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Giz AsksIn this Gizmodo series, we ask questions about everything from space to butts and get answers from a variety of experts.  

With de-extinction hovering on the edge of being a thing, it is worth asking at least one question. That question is not “why?” or “is this a good idea??”—if it can be done, it will be, and that’s that. No—the question is: which formerly extinct animals should we domesticate? The cat/dog paradigm has reigned for far too long; whole new realms of cuteness and companionship might be in store for us, once we start reviving woolly mammoths and Great auks. For this week’s Giz Asks, we reached out to a number of extinct-animal experts for their take on which one might make the best bet.


Thomas Richard Holz

Principal Lecturer, Vertebrate Paleontology, University of Maryland

I’ll address it this way: you want an animal that is not too big, not too dangerous, unlikely to be able to get away from you too easily or to destroy your house. I’ll also leave off aquatic animals for this (sorry, aquarium fans). And we want it to be an interesting-looking animal (something distinctly different from typical modern pets), because otherwise what’s the point?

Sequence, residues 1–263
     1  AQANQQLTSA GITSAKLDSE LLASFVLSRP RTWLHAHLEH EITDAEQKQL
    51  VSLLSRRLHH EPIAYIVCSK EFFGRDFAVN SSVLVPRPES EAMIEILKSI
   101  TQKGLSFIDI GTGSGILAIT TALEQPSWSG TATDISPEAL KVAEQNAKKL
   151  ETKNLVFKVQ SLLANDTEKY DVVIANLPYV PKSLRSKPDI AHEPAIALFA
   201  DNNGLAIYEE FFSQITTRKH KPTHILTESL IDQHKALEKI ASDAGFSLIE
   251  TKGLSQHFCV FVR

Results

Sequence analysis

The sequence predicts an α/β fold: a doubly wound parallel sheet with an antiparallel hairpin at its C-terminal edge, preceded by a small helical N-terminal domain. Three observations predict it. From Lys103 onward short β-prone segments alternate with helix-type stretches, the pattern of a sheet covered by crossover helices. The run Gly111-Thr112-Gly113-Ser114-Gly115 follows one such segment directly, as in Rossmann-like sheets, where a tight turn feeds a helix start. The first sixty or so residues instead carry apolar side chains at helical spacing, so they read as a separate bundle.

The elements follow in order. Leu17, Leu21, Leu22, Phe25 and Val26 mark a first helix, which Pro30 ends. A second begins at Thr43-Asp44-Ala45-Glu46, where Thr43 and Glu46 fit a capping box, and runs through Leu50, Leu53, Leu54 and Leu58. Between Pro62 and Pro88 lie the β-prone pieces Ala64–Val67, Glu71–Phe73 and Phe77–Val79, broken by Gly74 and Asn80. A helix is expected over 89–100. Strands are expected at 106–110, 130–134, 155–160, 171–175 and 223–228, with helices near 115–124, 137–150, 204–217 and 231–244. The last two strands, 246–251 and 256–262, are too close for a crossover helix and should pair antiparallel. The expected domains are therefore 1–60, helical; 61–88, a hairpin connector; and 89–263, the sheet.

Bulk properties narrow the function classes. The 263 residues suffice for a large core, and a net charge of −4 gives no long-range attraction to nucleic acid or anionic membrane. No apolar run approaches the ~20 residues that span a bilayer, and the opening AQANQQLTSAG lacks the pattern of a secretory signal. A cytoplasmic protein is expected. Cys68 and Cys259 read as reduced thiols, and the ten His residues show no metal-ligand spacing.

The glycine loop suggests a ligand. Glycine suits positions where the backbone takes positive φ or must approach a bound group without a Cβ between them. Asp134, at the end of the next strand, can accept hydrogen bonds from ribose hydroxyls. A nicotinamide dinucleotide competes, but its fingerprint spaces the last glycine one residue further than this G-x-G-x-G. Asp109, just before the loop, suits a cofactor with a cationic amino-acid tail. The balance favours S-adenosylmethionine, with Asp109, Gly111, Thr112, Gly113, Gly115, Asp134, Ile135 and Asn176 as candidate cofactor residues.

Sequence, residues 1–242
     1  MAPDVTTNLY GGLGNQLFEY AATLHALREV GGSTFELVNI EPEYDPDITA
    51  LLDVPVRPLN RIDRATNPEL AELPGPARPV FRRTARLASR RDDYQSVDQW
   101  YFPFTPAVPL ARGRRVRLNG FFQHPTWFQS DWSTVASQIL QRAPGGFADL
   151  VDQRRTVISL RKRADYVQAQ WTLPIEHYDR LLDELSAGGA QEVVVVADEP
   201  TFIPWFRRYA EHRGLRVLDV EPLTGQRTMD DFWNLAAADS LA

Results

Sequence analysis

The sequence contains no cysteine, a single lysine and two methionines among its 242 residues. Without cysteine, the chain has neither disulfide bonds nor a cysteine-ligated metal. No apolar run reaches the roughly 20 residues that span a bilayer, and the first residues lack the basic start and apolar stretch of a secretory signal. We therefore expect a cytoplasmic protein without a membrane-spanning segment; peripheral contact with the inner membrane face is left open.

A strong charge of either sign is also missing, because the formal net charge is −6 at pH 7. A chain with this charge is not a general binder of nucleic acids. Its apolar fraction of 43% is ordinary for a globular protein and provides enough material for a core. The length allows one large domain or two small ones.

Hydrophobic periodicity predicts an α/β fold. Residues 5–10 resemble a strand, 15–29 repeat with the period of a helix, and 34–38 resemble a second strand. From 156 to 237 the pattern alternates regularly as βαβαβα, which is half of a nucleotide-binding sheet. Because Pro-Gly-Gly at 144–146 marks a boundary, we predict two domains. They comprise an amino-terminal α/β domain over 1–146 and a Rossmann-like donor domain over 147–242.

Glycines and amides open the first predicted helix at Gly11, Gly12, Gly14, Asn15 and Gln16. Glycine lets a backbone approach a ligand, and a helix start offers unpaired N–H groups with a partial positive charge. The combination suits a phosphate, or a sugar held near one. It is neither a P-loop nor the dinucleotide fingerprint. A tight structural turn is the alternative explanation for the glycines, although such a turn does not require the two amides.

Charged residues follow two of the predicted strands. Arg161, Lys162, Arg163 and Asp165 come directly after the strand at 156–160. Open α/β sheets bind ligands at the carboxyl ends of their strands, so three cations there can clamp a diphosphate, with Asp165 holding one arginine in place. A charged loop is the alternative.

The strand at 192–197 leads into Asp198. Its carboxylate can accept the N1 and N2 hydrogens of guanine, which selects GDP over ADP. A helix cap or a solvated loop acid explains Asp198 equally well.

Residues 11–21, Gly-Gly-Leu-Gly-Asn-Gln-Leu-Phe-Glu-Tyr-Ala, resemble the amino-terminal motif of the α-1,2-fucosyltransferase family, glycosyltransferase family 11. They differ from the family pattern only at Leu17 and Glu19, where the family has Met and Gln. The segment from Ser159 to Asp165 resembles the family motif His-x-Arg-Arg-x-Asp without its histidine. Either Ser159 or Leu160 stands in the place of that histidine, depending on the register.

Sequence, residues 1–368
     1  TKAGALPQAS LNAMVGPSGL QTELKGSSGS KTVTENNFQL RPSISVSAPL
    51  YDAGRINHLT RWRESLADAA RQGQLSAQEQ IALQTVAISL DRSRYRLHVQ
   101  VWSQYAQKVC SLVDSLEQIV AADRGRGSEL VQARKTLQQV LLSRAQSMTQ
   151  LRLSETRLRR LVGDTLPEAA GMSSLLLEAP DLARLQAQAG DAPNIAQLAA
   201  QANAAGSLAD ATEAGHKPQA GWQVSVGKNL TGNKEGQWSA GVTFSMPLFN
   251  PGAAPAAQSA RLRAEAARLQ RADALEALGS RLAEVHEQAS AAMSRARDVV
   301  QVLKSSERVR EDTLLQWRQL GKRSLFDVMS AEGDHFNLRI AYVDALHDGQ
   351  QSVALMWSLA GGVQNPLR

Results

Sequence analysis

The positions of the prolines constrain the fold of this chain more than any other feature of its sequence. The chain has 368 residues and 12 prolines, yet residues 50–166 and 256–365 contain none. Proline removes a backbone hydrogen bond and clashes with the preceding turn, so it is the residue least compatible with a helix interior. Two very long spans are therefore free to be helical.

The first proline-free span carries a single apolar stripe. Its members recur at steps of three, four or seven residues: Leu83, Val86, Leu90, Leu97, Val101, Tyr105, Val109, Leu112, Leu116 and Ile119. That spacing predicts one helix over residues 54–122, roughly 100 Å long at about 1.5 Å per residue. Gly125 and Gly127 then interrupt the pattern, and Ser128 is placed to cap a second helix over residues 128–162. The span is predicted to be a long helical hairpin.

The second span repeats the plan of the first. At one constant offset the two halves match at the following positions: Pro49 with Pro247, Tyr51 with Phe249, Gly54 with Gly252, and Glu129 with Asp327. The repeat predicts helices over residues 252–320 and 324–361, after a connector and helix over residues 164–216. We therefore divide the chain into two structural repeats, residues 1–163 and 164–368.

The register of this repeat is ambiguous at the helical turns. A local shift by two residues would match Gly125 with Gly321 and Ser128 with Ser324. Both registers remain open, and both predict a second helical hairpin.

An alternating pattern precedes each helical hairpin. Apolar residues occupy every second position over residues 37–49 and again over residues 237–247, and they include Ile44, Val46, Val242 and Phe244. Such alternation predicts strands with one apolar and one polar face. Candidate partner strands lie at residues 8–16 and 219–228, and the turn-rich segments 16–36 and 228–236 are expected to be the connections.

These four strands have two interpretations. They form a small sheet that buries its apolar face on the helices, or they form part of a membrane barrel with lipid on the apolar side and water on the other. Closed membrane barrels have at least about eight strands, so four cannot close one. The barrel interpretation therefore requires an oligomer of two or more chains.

This still leaves a lot of options, so I’ll pick one from each Period (from the Permian Period onward), but we’ll count backwards:

Quaternary Period (2.566 million years ago to today): Dodo (Raphus), a large flightless bird from Mauritius. Technically not prehistoric (as they only died out in the 1600s), but sadly extinct. Who wouldn’t like a 1 meter tall flightless pigeon?

Neogene Period (23 - 2.566 million years ago): Nuralagus, a 23 kg (50 lb) rabbit.

Paleogene Period (66 - 23 million years ago): the oreodont Miniochoerus. Shaped roughly like a long-tailed sheep the size of a small dog, oreodonts were cousins of camels that were fairly common in North America. Miniochoerus was smaller than the other oreodonts (hence “mini”) and had very small canines.